Perhaps the most high-profile tribute model to issue from the Custom Shop was the 2010 replica of the 1957 Duo Jet that George Harrison played during the Beatles’ early career in Liverpool’s Cavern Club, the rough bars of Hamburg, and on the Fab Four’s first U.K. album, Please Please Me. A lifetime favorite of Harrison’s, the guitar was also employed on his 1987 solo album, Cloud Nine.
“I had it in the shop for three days,” Stern exults. “Word got around, and everyone and their mother were coming to have a look. It’s stressful to have such a guitar in your possession. It was George Harrison’s!”
Running the instrument through a medical imaging CAT scan machine — a standard process with Custom Shop historic replicas — enabled Stern and his team to map the exact shape of the internal body chambers. Stern also disassembled the original and carefully measured all the parts. “What’s great about doing these tribute guitars,” he says, “is that you can spec out the old parts — the strap buttons, bridges, knobs, etcetera. We’re always refining things like that.”
One of the most striking features of Harrison’s Duo Jet is its amateurish repainting job. “Originally only the top and headstock were black on the black Duo Jets,” Stern explains. “The back and sides were a walnut stain. But on George’s guitar, the back and sides were painted black as well. The headstock logo was really weird. Whoever repainted the guitar just put a piece of masking tape over the logo, sprayed the headstock black, and then took the masking tape off so the logo didn’t have paint around the lettering.”
Did a 17-year-old George Harrison execute the paint job? While Stern analyzed the physical evidence, Carducci plunged into historical research. From interviews with George’s son, Dhani, and widow, Olivia, Carducci found the name of the guitar���s original owner, Liverpool seaman and beat group guitarist Ivan Hayward. He purchased the guitar for $210 in 1957 at Manny’s— New York City being one of the sailor’s ports of call—and subsequently sold it to Harrison in Liverpool in 1961. Consulting a phone directory, Carducci located Hayward, who provided a wealth of documentary, photographic, and anecdotal data.
Carducci learned that when Hayward purchased the guitar, it didn’t have the Bigsby tailpiece seen in every photo of Harrison with the instrument. Hayward bought the Bigsby at Manny’s on a subsequent voyage and installed it himself. This do-it-yourself job accounts for the fact that the lower-body strap pin is located just above the bottom of the Bigsby’s lower flange, rather than being mounted in the center of the flange itself, in the usual manner. Lacking an electric drill when he did the job, Hayward simply found it easier to screw the strap pin’s threaded anchor directly into the body. This detail is faithfully replicated on the Custom Shop Harrison tribute model. Stern even carefully measured the screw hole to replicate the precise angle at which Hayward jabbed the strap button in place.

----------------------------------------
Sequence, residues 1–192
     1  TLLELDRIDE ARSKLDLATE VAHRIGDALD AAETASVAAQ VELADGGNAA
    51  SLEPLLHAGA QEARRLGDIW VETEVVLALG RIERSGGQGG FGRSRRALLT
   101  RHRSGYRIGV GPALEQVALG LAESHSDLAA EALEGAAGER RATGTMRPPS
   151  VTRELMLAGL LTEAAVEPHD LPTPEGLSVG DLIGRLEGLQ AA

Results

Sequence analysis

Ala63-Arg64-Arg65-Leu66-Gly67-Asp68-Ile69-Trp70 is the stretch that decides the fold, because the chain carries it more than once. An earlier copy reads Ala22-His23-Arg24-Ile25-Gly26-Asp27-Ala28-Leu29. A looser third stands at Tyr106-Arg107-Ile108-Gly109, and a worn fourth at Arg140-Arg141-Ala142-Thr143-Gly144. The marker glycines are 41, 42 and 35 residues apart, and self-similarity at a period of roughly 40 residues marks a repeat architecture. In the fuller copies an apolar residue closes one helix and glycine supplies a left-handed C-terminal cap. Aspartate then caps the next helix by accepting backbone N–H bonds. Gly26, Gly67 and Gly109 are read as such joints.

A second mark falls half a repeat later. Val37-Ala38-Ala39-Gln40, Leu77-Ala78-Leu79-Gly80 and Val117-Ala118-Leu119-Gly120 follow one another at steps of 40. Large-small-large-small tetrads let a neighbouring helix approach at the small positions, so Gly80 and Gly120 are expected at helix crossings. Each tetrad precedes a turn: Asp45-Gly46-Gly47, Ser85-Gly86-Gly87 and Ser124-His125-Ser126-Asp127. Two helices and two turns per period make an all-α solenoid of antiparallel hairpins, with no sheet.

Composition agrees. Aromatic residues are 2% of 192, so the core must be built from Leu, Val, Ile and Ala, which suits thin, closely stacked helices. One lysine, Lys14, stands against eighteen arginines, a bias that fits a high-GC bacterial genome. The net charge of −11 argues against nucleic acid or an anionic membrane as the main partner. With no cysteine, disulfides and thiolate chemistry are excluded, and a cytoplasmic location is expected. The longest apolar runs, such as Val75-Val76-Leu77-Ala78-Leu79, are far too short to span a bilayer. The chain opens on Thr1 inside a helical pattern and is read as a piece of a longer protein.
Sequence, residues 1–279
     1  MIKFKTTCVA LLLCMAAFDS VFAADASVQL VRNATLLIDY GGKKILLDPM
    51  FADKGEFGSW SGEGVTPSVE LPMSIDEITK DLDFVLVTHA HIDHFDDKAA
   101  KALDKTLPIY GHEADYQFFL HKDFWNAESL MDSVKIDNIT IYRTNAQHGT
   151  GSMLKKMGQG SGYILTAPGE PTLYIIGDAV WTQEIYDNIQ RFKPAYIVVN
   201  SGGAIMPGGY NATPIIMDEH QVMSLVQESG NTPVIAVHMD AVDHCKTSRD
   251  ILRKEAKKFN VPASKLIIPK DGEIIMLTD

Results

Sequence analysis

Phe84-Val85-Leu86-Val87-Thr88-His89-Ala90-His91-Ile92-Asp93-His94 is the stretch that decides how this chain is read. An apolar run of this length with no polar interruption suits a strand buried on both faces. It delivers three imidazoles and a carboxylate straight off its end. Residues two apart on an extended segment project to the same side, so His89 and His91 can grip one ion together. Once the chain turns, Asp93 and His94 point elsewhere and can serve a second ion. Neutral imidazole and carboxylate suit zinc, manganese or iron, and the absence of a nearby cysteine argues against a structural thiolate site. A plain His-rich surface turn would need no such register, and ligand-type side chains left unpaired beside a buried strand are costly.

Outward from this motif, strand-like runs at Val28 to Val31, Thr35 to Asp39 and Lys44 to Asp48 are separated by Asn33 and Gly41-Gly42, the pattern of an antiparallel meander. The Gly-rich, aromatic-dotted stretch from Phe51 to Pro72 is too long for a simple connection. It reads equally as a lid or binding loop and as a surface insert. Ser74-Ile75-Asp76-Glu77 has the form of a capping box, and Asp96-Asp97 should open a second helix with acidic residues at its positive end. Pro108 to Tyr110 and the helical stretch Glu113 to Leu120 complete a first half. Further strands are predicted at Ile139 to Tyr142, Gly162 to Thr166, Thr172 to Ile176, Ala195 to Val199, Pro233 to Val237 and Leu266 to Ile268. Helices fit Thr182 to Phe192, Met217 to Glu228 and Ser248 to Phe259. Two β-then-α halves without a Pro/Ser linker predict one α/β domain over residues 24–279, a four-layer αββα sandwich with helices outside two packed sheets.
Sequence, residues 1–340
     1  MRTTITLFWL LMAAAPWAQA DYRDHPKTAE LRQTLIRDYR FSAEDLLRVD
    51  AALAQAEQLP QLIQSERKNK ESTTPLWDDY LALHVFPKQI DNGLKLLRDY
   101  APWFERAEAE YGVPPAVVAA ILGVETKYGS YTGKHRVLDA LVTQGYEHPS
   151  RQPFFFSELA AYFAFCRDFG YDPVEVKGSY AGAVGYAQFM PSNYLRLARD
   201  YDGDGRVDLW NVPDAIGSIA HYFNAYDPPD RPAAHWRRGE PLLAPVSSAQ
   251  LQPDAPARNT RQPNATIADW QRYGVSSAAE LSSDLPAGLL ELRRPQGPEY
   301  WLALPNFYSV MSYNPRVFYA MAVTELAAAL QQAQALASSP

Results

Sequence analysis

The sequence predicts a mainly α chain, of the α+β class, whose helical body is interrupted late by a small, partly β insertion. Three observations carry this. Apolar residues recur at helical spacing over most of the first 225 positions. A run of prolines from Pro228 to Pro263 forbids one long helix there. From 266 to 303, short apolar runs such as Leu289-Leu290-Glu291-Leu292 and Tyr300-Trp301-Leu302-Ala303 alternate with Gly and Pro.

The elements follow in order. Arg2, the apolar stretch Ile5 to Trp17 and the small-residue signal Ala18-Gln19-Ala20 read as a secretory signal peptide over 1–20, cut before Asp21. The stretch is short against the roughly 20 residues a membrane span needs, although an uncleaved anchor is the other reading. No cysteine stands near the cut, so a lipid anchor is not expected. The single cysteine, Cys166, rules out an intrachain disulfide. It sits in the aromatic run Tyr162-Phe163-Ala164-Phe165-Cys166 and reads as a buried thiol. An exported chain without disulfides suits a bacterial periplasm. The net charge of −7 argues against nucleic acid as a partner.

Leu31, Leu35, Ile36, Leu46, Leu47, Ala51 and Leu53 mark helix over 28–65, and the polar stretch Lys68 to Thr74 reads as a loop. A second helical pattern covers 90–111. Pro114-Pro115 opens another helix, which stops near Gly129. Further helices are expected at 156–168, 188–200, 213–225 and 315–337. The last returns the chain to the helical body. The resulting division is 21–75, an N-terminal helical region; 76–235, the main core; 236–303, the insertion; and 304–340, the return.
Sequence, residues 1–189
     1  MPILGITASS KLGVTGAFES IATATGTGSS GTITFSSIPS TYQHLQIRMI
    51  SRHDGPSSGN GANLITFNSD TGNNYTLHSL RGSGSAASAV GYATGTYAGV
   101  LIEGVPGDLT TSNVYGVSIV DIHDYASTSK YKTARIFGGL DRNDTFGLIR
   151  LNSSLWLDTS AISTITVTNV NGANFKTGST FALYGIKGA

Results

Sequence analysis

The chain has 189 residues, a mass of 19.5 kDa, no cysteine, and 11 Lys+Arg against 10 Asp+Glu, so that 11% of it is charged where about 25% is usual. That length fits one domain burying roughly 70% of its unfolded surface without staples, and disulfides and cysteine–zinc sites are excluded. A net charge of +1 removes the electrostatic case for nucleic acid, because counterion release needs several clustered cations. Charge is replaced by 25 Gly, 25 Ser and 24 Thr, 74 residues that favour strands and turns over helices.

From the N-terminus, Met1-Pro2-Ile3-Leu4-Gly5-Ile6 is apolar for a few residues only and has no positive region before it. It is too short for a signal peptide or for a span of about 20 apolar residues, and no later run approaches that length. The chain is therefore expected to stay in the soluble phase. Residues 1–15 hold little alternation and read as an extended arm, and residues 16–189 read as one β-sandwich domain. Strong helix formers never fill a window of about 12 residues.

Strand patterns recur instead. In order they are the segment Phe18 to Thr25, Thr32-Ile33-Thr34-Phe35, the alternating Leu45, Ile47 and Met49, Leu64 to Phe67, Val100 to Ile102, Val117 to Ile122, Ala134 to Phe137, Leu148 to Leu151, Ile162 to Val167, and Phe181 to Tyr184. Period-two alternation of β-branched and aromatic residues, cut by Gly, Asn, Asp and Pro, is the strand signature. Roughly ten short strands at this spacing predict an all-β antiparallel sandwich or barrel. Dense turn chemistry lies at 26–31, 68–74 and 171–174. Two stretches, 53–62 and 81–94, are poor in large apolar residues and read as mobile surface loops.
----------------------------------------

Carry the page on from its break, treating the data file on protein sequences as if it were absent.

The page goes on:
“I remember I had to have special Bigsbys made that had the right hole pattern,” Stern recalls. “I kept saying to myself, ‘How am I going to do this?’ It turns out that Bigsby still had the original casts for those particular tailpieces.”
As for the repaint job, Hayward confirmed that it had the standard 1957 factory finish when he bought the guitar new. Carducci speculates that Harrison himself likely did the work, possibly with the assistance of John Lennon, who also painted his Rickenbacker 325 black around the same time. “John and George probably used the same can of paint to paint their guitars black,” Carducci theorizes.
For the Custom Shop’s 10th anniversary this year, Stern knew he had to come up with something really exceptional. He decided to do a blinged-out, limited-run guitar based around the 1954 Duo Jet, which was the first full year that the Duo Jet was on the market and, thus, the instrument’s 60th anniversary.
“I thought, For the 10th anniversary, I want to do a Duo Jet,” Stern says, recalling the genesis of the new guitar. “And I only want to make 10. I don’t want to do a run of 30 or 35. I just want to keep it simple. I took appointments from models that I like. I love the script logo and that early ’54 Duo Jet headstock, which is a little more pointy and wider. I also prefer 1957-style [fingerboard] hump inlays and the Cadillac tailpiece with chrome hardware, and I wanted to do a MOTO finish.”
MOTO—a loose acronym for Mother of Toilet Seat—is really nitrocellulose pearloid, applied in a coating that’s half a millimeter thick. “We did a 6120 last year with a white MOTO finish,” Stern says. “I thought it would be great to do more guitars with that finish, only putting a transparent color over it. We had the Firebird red color that I really liked, so I thought, Let’s use that.”
A contrasting ebony fingerboard completes the guitar’s look. “I built the prototype with a rosewood neck,” Stern explains. “But then I realized that rosewood didn’t look so good, so I changed it to ebony. It just looks richer.”
What does the future hold for the Gretsch Custom Shop? Carducci strives to keep up with mounting demand: “In the world of custom shops, where people are spending big dollars for an American-made Gretsch guitar, I think it’s okay to wait 12 to 15 months for a guitar. Making people wait three years is way too long.”
As for Stern, he’s constantly obsessing over details.
“We’re coming out next year with a vintage-correct Cadillac tailpiece,” he says. “We’re making two versions of it. The one I measured isn’t symmetrical—typical Gretsch! I decided to make a nonsymmetrical one for the White Penguin and White Falcon, but for custom-colored Falcons and Penguins, we’re going to put on a symmetrical one. I can’t see putting an asymmetrical tailpiece on a custom-painted guitar. Most people probably don’t notice little details like that, but we do. It all adds up, you know?”